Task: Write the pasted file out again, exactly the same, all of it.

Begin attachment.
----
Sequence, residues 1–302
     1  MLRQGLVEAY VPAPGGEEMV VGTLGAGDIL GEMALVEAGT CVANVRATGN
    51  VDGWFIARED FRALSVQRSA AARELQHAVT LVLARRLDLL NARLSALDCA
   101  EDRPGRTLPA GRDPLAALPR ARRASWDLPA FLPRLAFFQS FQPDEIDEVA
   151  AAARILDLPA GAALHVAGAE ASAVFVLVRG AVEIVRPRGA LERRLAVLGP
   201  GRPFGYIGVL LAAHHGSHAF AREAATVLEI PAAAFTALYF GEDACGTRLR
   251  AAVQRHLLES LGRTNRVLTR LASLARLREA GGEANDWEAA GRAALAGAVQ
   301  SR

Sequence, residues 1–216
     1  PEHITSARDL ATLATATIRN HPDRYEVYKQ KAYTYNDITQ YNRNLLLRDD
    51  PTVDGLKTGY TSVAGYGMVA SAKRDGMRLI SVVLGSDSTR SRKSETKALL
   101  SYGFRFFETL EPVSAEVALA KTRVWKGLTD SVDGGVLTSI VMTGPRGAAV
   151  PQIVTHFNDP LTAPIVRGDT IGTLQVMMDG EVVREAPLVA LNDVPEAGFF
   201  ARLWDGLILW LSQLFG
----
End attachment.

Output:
Sequence, residues 1–302
     1  MLRQGLVEAY VPAPGGEEMV VGTLGAGDIL GEMALVEAGT CVANVRATGN
    51  VDGWFIARED FRALSVQRSA AARELQHAVT LVLARRLDLL NARLSALDCA
   101  EDRPGRTLPA GRDPLAALPR ARRASWDLPA FLPRLAFFQS FQPDEIDEVA
   151  AAARILDLPA GAALHVAGAE ASAVFVLVRG AVEIVRPRGA LERRLAVLGP
   201  GRPFGYIGVL LAAHHGSHAF AREAATVLEI PAAAFTALYF GEDACGTRLR
   251  AAVQRHLLES LGRTNRVLTR LASLARLREA GGEANDWEAA GRAALAGAVQ
   301  SR

Sequence, residues 1–216
     1  PEHITSARDL ATLATATIRN HPDRYEVYKQ KAYTYNDITQ YNRNLLLRDD
    51  PTVDGLKTGY TSVAGYGMVA SAKRDGMRLI SVVLGSDSTR SRKSETKALL
   101  SYGFRFFETL EPVSAEVALA KTRVWKGLTD SVDGGVLTSI VMTGPRGAAV
   151  PQIVTHFNDP LTAPIVRGDT IGTLQVMMDG EVVREAPLVA LNDVPEAGFF
   201  ARLWDGLILW LSQLFG